There were other less memorable men around the table… one being Carolyn’s current beau. Then, incongruously… a young, boy/man with huge arms, thighs and a brooding disposition. The boy sat protectively by Carolyn. I wondered if this hunk was her son? It turns out that this boy is just one of Carolyn’s many sexual conquests.  The 20-year-old son of her best friend who predatory Carolyn had seduced whilst he was a sculpture major at Bard College.

I applauded Carolyn’s sexual tenacity, yet, for the first time, after hearing about the seduction of the boy,  I felt rather sorry for her. Years of going to sex addict meetings I concluded that she and I have many… similarities. A string of sexual encounters with inappropriate local men have led her nowhere.  She is Powerless over her addiction and her life is Unmanageable.

Carolyn’s precocious son sat in another room.  A deeply unhappy looking child. This sullen, perilously over weight pre-teen, demanded our adult attention by hitting things with a measuring tape.  He told us loudly some scientific fact he had researched on the Internet and how he knew more than his teachers. I quietly asked the ex-editor if the son has Asperger syndrome. She looked sadly at the child, “She won’t take him to a therapist.” she confided.  A bad mother never wants to take her child to a therapist knowing that is it she and not the child that will have to do the hard work it takes to make a child well again.

I wanted to call a cab but the ex-editor very kindly offered to drive me home.

On our way to Hudson I told her how I’d met Carolyn and how ghastly I thought both she, her friends and the party. I told her Carolyn had cried on my shoulder in the bakery. She laughed, she told me that Carolyn and her husband had been separated for years… they weren’t even married… that he was married to someone else with whom he had a child.

“So, she uses her husband’s death as a lure? For sympathy?” I asked. She smiled and refused to answer.

Meanwhile, in Hudson, a straight rich South American man says my films would be ‘so much better’ if they were about straight people.  Lordy, I hadn’t heard that sort of crap for a long time.   I gently chided him,  how insulting he was being.  What a prick!  I asked him if he thought white people playing Latin roles might make films better too?  He shuts the fuck up.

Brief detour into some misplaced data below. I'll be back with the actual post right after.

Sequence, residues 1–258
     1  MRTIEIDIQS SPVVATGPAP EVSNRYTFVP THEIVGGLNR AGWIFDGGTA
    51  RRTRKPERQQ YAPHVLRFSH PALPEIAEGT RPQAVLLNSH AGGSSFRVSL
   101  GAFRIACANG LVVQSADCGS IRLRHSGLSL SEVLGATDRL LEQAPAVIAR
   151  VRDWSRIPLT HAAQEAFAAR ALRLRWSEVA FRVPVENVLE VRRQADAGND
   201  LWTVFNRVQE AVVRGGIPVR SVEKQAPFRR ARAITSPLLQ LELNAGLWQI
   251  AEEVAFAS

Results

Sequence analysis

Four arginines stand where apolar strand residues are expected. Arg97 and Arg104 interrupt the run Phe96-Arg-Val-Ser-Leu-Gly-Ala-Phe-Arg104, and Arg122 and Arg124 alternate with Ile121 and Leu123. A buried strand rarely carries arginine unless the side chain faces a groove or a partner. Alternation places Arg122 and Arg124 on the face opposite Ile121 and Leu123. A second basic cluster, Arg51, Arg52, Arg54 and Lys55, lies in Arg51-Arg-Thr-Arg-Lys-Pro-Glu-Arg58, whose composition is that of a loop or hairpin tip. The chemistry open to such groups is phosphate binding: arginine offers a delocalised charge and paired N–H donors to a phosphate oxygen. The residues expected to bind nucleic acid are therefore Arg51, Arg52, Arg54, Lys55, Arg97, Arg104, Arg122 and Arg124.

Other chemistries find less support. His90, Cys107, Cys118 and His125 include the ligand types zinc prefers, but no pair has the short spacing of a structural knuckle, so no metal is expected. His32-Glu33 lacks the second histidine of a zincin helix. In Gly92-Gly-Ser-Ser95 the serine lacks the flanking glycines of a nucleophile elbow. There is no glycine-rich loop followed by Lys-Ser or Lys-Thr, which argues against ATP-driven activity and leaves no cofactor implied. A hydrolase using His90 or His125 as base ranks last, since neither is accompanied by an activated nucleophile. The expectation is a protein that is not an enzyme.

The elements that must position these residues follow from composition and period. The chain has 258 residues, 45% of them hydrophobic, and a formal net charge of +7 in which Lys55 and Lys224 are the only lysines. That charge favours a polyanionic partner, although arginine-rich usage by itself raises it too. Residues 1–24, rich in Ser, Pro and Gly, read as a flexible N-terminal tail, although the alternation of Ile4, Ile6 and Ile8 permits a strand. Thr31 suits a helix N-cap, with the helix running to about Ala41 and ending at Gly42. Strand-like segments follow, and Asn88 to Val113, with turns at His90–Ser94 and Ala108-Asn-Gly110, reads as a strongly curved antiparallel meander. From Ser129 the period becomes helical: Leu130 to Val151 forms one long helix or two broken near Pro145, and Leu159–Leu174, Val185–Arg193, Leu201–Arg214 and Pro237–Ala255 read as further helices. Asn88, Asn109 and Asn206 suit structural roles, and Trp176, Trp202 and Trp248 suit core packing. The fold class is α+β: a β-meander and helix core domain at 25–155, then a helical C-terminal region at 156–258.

Hudson Art Party

This is a picture of a beautiful art party at the Basilica.


Finally, it is impossible not to mention the continuing race atrocity here in the USA after the shooting deaths of 8 black people in a Charleston church during an evening prayer meeting.  A young, blond white boy with racist and apartheid sympathies takes his gun and kills innocent black people.  There is an outpouring of grief from my white friends on Facebook.  Yet, few of them address their own racism.  They say, the kid who pulled the trigger looks like the devil.  The problem is, this kid did not look like he came from hell, on the contrary… he just looks like any ordinary white boy. It is his ordinariness that is shocking. It is his stated racist intention that is shocking. But what is more shocking are all the white folk who cannot bring themselves to address his racism or their own. They say. There are no words. Yes, there are words. Words used by the right include: accident, mistake, loner. Words like, they deserved what they got because they wouldn’t have guns in their church. He is just another entitled white boy who hates black people because he can. Look at the haunted expressions of prescription drug addicted teens who commit these atrocities. A parade of white American faces on the TV who refuse to address their own racism. Whilst the black victims family say words like, forgive, reconciliation and prayer. It isn’t good enough to tell everyone else that they are racist without owning up to the racism that affects my own psyche. Pervasive and insidious racism that gets worse every year I live in the USA.  To my gay friends I say this:  Ask yourself… How many black friends do I have? How many gay men say… I don’t sleep with black men because I’m just not into them, they don’t turn me on. That, I’m afraid, is racist. We refuse to value black lives. Until we address our own racism these problems will not go away. Ask gay black people or gay people of color if they encounter racism in gay bars and clubs and they will tell you horrible stories.  If you care about the lives of black people before they are murdered make yourself heard.  Reach out.  #blacklivesmatter